When The Rolling Stones played a historic concert in Havana in March, they appeared in Cuba as legendary ambassadors of rock. Back in the early 1960s, they were pretty much exactly the opposite: newcomers on a scene that was itself brand-new. They first performed in 1962, wearing a clean-cut look that matched the style of other fledgling groups. They would soon an embrace an edgier look and sound. A new book, Breaking Stones: 1963-1965 A Band on the Brink of Superstardom, from which these pictures are drawn, features images made by Terry O'Neill and Gered Mankowitz during those formative years.
It was in May of 1965, right at the end of that period, that TIME first delved into the Stones. "To distinguish themselves from the Beatles, Britain's Rolling Stones have attempted to assume the image of Angry Young Men," the magazine explained. "'The Stones,' their manager proudly explains, 'are the group that parents love to hate.' They sing Mersey-Mississippi rhythm and blues, backed by a quavering guitar and a chugging harmonica that smacks of cotton-pickin' time down South."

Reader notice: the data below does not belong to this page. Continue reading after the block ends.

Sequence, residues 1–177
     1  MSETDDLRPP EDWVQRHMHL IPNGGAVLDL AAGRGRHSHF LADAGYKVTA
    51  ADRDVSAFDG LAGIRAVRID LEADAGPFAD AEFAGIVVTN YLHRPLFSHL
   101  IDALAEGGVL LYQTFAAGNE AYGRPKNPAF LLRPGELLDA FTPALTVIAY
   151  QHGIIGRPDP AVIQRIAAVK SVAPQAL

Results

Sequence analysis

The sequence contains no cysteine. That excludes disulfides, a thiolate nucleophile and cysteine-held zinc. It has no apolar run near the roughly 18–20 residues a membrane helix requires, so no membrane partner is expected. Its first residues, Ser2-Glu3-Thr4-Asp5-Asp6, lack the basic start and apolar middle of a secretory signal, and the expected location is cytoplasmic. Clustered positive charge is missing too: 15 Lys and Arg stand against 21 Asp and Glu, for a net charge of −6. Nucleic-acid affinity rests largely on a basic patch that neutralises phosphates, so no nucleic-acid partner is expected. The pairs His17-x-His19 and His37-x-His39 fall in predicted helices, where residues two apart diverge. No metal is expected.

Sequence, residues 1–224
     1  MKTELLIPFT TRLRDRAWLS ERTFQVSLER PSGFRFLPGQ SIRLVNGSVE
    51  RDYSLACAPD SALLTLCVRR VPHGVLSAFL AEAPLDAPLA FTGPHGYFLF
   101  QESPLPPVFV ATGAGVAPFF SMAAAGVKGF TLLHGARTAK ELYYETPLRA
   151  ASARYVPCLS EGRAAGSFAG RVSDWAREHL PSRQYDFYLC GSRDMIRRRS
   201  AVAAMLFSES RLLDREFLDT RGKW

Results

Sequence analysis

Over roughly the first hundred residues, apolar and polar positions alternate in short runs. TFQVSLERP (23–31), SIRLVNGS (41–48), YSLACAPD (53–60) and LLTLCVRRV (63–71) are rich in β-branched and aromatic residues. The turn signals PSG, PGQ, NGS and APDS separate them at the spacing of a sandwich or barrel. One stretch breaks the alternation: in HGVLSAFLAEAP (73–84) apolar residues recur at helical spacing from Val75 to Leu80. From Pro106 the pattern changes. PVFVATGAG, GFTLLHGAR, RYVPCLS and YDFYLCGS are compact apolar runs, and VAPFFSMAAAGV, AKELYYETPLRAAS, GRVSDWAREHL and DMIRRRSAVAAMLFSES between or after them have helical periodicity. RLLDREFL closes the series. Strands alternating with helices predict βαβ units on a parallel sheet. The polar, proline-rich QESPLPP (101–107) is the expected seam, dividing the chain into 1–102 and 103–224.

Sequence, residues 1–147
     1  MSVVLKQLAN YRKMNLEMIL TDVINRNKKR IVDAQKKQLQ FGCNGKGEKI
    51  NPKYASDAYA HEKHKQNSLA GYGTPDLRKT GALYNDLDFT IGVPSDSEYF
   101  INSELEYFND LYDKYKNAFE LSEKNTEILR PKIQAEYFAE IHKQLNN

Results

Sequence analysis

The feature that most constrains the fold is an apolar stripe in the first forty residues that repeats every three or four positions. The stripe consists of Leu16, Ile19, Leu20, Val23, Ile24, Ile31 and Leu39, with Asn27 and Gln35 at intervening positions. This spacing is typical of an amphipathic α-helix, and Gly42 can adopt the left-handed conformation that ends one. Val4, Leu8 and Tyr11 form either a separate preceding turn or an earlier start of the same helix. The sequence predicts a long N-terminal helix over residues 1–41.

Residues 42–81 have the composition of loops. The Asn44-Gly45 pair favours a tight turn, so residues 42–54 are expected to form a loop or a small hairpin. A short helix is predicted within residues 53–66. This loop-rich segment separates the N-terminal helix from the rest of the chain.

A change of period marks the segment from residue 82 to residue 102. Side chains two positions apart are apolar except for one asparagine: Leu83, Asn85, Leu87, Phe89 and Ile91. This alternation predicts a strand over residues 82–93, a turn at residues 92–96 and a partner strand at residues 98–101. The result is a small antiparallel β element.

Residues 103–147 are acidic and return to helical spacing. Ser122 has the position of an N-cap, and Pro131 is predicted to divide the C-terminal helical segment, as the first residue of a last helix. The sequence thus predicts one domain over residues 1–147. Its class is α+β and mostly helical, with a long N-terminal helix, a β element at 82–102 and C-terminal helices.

One anonymous teenage girl interviewed in the story admitted that their appeal was sexual, then begged "but don't print that; my mother would hit me."